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First Nation contractor digs into the resource sector

Mine site reclamation work has been a saving grace for White Lake Resources Corporation, a contracting company owned by the Pic Mobert First Nation.

Mine site reclamation work has been a saving grace for White Lake Resources Corporation, a contracting company owned by the Pic Mobert First Nation.

When the forest industry tanked on the north shore of Lake Superior, so did the company, which had been harvesting wood for Marathon Pulp before the mill went bankrupt and closed in 2009.

For White Lake, it was a classic case of a company putting all its eggs on one basket.

The reborn firm is on more solid footing with a more diversified base of work.

Norm Jaehrling, the corporation’s CEO, said the Marathon closure “financially gutted” the corporation, leaving it in limbo with a stack of unpaid bills. It was only after some deep dialogue by band administration, under new chief Johanna Desmoulin, that the decision was made not to dismantle the company but rebuild it.

The faces were freshened on a new independent board of directors and proper management systems were put in place.

With limited financial resources, the corporation took on small contracts, like Hydro One corridor clearing projects, to get revenue flowing and to demonstrate that they could carry out a contract.

“We had to show that we could slowly grow into executing larger projects,” said Jaerhling. Within two years the company was engaged in site reclamation, working at Barrick Gold’s decommissioned Golden Giant Mine at the nearby Hemlo complex.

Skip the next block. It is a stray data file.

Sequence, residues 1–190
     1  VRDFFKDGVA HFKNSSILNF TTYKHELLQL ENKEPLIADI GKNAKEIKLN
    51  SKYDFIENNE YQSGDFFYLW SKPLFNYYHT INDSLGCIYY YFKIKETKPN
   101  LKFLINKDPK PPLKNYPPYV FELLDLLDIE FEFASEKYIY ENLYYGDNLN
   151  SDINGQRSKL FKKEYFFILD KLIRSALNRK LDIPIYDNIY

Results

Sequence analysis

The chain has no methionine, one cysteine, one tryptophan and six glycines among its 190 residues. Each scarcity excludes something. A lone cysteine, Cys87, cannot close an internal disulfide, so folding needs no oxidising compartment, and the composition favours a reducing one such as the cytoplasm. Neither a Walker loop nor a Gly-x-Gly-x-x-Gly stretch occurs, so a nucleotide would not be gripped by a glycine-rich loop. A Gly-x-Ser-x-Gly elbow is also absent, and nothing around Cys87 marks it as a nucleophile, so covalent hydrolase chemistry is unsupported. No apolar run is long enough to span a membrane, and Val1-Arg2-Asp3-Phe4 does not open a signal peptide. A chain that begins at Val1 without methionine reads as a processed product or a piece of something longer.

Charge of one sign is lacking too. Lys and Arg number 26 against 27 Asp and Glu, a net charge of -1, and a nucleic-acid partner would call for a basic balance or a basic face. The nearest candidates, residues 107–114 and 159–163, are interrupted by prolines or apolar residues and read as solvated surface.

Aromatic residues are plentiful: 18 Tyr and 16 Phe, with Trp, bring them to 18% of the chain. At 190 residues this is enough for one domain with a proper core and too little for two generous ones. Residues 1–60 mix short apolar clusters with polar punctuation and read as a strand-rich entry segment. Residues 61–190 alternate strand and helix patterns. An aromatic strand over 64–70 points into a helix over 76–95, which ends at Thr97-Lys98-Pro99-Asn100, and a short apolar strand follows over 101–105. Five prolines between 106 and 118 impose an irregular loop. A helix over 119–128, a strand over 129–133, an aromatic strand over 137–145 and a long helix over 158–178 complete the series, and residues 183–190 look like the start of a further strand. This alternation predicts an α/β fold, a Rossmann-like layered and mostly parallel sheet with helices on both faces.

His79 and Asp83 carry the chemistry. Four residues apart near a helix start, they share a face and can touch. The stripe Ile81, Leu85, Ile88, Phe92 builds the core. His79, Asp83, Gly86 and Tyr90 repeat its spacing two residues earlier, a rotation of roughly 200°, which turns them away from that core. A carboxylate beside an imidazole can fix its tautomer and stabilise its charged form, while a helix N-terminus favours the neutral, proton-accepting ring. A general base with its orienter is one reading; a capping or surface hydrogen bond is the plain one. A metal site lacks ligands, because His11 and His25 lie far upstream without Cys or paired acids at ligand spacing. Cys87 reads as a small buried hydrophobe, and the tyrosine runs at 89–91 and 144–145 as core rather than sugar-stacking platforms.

“We’ve been providing heavy equipment and personnel to haul material, grade the site and re-contour it,” said Jaehrling.

With Barrick’s David Bell Mine scheduled to close later this year and an abundance of development activity occurring on their doorstep, Jaehrling said there’s no shortage of opportunity and projects to bid on.

“The area that we’re focusing on, where we’ve shown competencies, is on the reclamation side,” said Jaerhrling. “It’s something that builds our ability in heavy civil construction.” The corporation employs 20 full and part-time employees with the ability and heavy equipment to provide contract labour for site preparation, road and civil construction, brushing, clearing and providing site security.

“We’ve gone from an organization that two to three years ago did $100,000 worth of revenue to one that will do over $1 million this year.”

The board has instructed them to look at joint venture opportunities wherever possible.

They’ve landed site clearing and road construction jobs for the development of the Gitchi Animki Hydroelectric Project, a joint venture between Pic Mobert and Regional Power to build two generating stations on the White River.

The company is also partnering with Norpro to provide security at the construction site. “Among our goals is to build a local workforce and that means investing in people and giving them a chance to learn on the job,” said Jaehrling. “We want to continue other business opportunities that are logical within our traditional territory and we want to use our current base of contracts with the companies that are close to us to establish these (Aboriginal) companies and build their track record and credibility so we can pursue business outside of this area.”

As a 24 per cent stakeholder in the revived White River Forest Products sawmill, Pic Mobert established a new venture late last year, Maygwayyak Forestry Service, to cut half the mill’s Crown wood allocation – roughly 300,000 cubic metres annually – an opportunity that was not available under the mill’s previous ownership.

“Nobody from the community was ever involved in the harvesting process,” said Jaehrling, “so this is a huge step forward for this community.”